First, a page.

The Myth of the Elusive Unique Value Proposition

Posted by Mark Figart on August 07, 2018

Here's a question that has challenged MSPs since the beginning of, well, MSPs:

What is your unique value proposition?

The problem as I see it is less about the typical deer in the headlights response than with the question itself. As an MSP you have a number of value propositions, not just one. What's more, "unique" is a subtle and complex qualifier. It's likely there are a number of characteristics—or combinations thereof—with which to accurately label your offerings that could be deemed unique, some perceived as more or less valuable depending on who you ask.

But subtlety and complexity are not typically attributes of an effective messaging strategy, where clarity and simplicity rule the day.

So how, then, do you achieve this goal of helping your prospects understand the unique value of working with you while avoiding long-winded recitation of all the things you and your firm do "better" than a competitor?

It may be more simple than you think. To help prospects understand your value, you should spend as little time talking about yourself and your offerings as possible. Instead, you should turn the lens onto your customer, illustrating your value through your understanding of their challenges and opportunities. I have two favorite ways to do this.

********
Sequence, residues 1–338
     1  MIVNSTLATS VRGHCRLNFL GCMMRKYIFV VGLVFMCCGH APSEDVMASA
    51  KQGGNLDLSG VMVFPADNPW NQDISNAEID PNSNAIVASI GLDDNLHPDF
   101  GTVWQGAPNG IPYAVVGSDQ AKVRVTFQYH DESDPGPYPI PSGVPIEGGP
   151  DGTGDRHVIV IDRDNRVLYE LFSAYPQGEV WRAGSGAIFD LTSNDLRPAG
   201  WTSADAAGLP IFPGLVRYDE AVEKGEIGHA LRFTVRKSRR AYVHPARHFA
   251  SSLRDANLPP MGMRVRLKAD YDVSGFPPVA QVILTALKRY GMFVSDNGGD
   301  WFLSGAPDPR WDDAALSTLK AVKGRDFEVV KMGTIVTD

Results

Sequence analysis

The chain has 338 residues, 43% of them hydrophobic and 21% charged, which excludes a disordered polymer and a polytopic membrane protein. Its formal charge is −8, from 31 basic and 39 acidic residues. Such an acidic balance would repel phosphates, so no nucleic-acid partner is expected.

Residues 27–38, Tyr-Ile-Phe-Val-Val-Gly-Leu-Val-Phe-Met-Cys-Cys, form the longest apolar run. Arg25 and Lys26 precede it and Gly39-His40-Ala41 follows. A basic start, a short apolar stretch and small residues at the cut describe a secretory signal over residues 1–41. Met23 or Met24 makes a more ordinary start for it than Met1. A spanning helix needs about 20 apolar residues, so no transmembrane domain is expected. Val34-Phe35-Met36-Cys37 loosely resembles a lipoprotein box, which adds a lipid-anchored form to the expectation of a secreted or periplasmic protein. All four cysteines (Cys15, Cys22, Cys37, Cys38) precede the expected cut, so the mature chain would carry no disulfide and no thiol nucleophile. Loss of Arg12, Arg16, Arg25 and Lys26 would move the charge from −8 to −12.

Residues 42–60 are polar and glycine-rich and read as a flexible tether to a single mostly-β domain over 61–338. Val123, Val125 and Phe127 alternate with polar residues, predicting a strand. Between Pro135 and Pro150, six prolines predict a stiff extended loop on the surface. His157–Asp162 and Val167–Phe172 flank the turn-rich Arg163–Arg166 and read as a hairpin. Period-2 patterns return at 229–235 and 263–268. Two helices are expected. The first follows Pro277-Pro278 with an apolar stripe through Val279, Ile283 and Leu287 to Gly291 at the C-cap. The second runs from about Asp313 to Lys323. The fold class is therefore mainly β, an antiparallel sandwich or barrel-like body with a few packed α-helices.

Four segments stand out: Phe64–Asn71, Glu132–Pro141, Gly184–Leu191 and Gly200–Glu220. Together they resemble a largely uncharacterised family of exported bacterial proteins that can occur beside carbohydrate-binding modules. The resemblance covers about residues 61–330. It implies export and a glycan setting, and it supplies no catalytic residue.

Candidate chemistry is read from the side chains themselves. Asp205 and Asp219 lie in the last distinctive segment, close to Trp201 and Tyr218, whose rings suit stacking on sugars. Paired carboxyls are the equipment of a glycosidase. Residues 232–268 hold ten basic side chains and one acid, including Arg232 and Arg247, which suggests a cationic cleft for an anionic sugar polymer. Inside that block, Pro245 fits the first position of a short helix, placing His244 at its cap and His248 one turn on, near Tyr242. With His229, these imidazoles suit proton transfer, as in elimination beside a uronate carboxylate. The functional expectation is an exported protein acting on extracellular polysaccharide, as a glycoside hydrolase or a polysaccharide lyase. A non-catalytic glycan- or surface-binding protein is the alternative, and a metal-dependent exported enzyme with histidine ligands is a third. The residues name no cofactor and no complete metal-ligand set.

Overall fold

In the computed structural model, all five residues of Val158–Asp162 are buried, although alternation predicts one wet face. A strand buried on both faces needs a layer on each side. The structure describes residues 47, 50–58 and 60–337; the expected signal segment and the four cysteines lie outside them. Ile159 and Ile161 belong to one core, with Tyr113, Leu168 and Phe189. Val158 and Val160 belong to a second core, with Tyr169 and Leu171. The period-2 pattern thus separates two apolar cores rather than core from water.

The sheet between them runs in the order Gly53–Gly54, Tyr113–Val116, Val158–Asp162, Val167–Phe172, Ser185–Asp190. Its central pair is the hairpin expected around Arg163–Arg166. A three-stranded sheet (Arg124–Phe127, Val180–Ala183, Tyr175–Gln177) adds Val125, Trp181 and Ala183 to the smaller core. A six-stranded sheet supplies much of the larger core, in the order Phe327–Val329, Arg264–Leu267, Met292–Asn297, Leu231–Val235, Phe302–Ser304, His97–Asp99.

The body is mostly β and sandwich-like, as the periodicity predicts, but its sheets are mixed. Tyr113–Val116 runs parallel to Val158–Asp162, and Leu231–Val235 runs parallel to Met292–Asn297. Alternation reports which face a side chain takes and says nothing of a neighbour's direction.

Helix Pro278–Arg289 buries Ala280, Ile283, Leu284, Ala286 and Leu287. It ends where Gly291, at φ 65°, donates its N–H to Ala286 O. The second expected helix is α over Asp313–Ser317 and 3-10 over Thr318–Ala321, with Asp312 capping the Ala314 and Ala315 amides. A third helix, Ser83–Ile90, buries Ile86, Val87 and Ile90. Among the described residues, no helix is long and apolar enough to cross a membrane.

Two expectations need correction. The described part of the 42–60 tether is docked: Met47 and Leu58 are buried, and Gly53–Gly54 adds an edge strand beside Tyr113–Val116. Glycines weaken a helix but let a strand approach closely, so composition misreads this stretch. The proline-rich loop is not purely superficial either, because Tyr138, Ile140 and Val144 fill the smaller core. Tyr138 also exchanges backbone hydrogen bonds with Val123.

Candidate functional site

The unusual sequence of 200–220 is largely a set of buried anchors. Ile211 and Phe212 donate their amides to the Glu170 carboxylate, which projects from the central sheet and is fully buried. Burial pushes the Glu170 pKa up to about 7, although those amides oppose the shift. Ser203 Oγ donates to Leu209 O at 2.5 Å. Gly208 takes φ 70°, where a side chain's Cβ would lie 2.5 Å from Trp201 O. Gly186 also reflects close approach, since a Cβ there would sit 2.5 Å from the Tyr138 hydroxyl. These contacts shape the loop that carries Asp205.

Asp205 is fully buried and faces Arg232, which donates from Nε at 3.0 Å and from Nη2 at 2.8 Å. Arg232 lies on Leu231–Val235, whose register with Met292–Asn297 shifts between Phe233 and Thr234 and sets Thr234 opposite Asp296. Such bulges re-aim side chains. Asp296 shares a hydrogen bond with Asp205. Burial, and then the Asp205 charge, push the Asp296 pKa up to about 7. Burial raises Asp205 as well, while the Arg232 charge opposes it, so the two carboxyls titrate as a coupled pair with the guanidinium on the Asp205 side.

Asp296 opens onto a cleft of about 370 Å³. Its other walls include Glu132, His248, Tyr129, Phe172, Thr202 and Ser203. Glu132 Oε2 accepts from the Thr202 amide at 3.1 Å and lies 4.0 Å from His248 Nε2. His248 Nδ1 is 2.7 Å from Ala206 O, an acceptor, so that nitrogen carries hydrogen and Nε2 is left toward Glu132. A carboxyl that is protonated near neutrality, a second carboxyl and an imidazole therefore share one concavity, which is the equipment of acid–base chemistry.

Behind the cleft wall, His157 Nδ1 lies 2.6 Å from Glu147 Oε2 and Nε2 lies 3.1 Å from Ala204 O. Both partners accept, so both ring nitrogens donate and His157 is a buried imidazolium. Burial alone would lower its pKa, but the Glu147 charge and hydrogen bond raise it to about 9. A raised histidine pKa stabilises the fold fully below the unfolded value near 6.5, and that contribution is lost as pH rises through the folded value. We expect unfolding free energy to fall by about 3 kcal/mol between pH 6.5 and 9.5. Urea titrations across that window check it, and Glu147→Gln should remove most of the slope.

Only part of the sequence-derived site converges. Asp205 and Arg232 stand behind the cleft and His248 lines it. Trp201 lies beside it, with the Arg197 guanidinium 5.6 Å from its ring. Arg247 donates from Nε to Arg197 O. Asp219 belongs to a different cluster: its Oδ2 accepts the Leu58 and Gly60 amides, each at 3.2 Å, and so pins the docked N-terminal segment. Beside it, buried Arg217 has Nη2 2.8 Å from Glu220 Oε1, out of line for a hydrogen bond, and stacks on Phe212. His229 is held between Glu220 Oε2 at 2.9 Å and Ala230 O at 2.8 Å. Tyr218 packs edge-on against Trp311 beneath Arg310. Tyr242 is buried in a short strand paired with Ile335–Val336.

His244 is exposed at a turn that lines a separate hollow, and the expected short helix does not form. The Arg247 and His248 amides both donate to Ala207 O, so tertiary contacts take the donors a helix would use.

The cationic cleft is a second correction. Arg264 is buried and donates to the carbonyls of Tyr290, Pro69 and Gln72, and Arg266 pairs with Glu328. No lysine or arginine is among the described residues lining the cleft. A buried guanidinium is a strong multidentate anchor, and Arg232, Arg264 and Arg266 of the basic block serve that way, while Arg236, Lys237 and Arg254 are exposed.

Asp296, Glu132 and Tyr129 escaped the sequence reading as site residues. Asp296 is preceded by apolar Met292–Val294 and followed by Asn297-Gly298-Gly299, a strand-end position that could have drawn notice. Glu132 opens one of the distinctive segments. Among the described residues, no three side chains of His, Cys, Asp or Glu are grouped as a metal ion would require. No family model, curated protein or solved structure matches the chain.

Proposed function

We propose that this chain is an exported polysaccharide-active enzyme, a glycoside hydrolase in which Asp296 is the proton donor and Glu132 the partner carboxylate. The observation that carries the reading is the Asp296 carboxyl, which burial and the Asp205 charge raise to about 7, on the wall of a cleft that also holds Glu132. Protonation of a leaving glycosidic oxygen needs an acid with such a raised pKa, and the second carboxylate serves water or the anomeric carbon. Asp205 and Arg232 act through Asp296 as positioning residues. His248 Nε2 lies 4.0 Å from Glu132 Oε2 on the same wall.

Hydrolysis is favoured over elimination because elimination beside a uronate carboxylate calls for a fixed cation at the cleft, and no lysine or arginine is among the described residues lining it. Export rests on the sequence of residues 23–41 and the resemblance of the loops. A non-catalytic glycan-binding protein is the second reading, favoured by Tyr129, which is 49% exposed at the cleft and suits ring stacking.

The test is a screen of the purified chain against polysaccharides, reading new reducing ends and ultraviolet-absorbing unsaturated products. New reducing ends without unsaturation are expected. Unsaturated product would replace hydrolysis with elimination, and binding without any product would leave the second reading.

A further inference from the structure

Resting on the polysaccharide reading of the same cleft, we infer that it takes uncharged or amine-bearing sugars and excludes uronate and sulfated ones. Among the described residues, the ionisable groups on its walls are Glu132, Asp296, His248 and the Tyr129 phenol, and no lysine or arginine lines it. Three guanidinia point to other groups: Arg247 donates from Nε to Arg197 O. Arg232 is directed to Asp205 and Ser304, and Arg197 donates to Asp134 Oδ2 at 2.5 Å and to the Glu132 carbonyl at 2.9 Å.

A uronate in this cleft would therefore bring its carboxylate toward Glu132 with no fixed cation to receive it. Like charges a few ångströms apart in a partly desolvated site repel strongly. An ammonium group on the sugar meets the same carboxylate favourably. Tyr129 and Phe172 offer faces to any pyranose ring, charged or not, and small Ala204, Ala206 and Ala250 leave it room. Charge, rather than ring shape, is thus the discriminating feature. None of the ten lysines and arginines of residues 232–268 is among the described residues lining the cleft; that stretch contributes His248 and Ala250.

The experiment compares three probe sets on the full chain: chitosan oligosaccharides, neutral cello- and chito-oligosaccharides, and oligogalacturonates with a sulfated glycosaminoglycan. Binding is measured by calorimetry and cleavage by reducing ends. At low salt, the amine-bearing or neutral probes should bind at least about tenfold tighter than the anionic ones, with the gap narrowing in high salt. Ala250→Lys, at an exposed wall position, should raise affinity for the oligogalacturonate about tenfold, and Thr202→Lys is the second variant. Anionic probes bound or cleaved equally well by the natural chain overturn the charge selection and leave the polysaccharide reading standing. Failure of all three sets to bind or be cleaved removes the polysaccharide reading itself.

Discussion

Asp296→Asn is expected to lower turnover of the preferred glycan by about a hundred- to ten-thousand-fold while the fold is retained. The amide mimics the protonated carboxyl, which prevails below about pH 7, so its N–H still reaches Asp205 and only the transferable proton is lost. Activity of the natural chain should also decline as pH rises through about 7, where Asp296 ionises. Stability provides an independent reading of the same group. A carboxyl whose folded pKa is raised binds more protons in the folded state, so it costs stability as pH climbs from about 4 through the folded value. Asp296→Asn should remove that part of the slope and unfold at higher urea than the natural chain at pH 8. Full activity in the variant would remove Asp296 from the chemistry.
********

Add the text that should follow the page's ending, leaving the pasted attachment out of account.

First, tell stories of obstacles encountered and overcome that your prospect will relate to.

Want to sell IT services to a printer? Then speak her language and reference problems you've encountered in the printing industry. Want to sell IT services to an engineering firm? Then talk about challenges you've seen in other engineering firms. This not only demonstrates your potential for creating value, it highlights your firm's unique potential among a competitive sea of look-alikes.

Secondly, prioritize benefits over features when describing your offerings. As with the technique above, do your best to articulate the benefits in a way that is specific to your prospects' businesses. For example, rather than say that your managed security offering reduces downtime brought on by successful phishing attacks, you might tell your medical practice prospect that he will improve patient experience through reduction of system downtime. This is a benefit that a medical practice can relate to, one which addresses on ongoing challenge in that industry. It also helps keep the focus off of you and on your prospect.

To speak knowledgeably in the language of your prospects requires deep expertise pertaining to the battlefields on which your prospects go to fight every day. As a provider of professional services, your expertise will always be your most powerful means of providing unique value, but only as long as you are able to develop that expertise to a greater extent—and promote it more effectively—than your competitors. Specialization is a proven path toward both deeper expertise and greater empathy toward your prospects.

If your unique value proposition is eluding you, specialization could be worth considering.

Photo by Alex Iby on Unsplash

Mark Figart

Founder and President
Meet Mark, Digett's founder and president, and a professional services practicioner since 1992.


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